Speech, Speaking and Humility

We live in a country that guarantees the government will not “abridge the freedom of speech…”  That’s in the first amendment to the Constitution.  In other words, the government can’t keep us from speaking our minds about something.  That’s a good thing even though some of the permutations get a little weird, e.g. the blurred line between art and pornography.  Or annoying, like burning the flag.  Personally, I’m not a fan of the last one and it kind of pisses me off.

Freedom of speech, or more accurately the freedom from the government abridging our right to freedom of speech is not the same thing as being able to say whatever you want because you have freedom of speech.  Even the first amendment has limitations such as not yelling ‘Fire!’ in a crowded theater just because you want to.  There is some occasional confusion on this point.  Someone, usually famous, will say something outrageous and when the backlash comes from those who disagree there is a cry of “Freedom of Speech!  He/she gets to say what they want!”.  Not so.  Well, only partly so.  You can say what you want but if someone disagrees with your speaking, they also get to say what they want.

Putting it another way, the first amendment doesn’t guarantee that you don’t have to deal with the consequences, from sources other than the government, of your speaking out about something.  Yes, we live in a (mostly) free country but if you’re going to say something be ready for some pushback.  And please, for the love of all that is holy, don’t fall back on the first amendment to defend saying something stupid.  The government may not be able to keep you from saying it but the rest of the interwebs might have a response.

Sadly, all this frequently leads to incivility in our conversations.  As time goes on, the left gets farther left and the right gets farther right.  We stake out our positions and engage in commentary that isn’t designed to convince the person we’re talking to but instead is designed to prop up those who agree with us and are listening in on the conversation.  Let’s face it, do we really expect to change someone’s mind by saying they’re wrong and here’s why they’re wrong?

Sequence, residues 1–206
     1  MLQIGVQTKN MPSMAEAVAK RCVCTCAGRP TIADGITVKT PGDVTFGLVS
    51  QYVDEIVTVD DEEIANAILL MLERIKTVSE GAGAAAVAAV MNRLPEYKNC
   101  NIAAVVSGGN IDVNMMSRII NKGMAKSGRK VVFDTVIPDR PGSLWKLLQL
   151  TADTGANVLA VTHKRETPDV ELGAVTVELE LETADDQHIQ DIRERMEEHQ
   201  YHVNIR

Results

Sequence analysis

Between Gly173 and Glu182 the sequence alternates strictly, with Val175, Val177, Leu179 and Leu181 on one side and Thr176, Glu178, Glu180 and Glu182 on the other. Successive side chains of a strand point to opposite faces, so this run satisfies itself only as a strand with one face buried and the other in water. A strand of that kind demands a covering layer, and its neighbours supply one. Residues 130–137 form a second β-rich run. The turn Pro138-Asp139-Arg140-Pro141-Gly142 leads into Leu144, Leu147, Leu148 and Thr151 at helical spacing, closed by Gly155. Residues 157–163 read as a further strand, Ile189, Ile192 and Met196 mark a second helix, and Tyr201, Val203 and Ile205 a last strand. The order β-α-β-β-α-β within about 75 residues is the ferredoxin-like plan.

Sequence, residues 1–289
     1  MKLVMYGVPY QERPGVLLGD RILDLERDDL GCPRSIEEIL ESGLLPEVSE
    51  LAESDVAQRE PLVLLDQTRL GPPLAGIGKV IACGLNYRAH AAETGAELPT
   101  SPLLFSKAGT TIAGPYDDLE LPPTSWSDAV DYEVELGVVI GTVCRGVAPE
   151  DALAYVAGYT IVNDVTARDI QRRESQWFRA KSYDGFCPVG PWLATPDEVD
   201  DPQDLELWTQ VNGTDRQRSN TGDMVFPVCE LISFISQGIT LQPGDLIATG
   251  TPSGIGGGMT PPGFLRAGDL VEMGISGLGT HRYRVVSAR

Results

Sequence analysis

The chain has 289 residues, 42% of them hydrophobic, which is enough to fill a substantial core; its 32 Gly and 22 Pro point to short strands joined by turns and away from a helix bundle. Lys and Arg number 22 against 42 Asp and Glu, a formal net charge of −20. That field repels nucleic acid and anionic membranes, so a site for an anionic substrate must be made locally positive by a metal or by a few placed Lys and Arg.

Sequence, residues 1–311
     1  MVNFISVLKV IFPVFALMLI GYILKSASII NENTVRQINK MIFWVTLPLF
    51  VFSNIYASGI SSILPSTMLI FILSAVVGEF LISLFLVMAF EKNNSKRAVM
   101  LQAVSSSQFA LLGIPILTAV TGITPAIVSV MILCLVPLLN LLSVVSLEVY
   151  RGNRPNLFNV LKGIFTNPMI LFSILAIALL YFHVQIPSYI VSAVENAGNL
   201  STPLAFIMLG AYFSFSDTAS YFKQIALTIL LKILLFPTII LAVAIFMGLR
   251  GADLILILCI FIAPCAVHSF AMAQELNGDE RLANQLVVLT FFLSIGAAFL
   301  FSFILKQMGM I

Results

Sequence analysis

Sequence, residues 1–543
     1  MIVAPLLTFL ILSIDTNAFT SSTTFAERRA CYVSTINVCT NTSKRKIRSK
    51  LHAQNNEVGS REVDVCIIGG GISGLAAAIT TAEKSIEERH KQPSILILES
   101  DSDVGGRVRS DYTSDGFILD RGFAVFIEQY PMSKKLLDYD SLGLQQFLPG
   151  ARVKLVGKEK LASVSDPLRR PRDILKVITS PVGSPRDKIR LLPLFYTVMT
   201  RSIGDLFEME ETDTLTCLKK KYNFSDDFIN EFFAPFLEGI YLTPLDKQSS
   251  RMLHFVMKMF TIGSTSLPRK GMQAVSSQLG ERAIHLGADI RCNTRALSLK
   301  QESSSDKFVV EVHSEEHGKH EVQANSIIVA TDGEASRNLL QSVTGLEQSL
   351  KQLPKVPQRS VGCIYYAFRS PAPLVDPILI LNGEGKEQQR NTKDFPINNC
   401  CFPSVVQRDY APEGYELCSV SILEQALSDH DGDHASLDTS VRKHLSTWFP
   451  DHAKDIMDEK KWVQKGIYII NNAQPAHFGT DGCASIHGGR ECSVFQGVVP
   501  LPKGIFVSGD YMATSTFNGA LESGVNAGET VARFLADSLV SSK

Good luck with that.  Reason is not likely to change opinions.

But relationships will.  Here’s a question.  Do you spend time just listening to, not debating, people or media that disagree with you?  Why or why not?  Most people don’t, preferring the relative safety and comfort of hanging out with those who agree with our positions.  Not to mention, it is a lot of work finding credible sources with which to get information.  Fox News is neither fair nor balanced but neither is MSNBC.

And so, the downward spiral continues.  Consider this though; what would happen if you had a conversation with someone you disagree with and began that conversation with the areas in which your argument is weak, flawed or flat out wrong?  And if you think your argument doesn’t have weaknesses, flaws or parts that are wrong, think again. Certainly, some people will respond with “Aha!  See!  I told you!  You’ve got it wrong!” and if that happens, stop speaking with them.  They’re only interested in what they have to say and nothing you say is going to matter to them.  The time-honored internet maxim of ‘Don’t Feed the Trolls’ comes into play here.  And by the way, you may be the troll.

But maybe, just maybe, they’ll respond in kind with the shortcomings of their position.  And maybe, just maybe, a conversation can continue where both are engaged in the conversation rather than defending their positions.  And maybe, just maybe, both will learn some things.

Maybe.  Just maybe.

Some of the ideas here came from an “On Being” podcast featuring Jonathan Haidt.  If you are interested click here 


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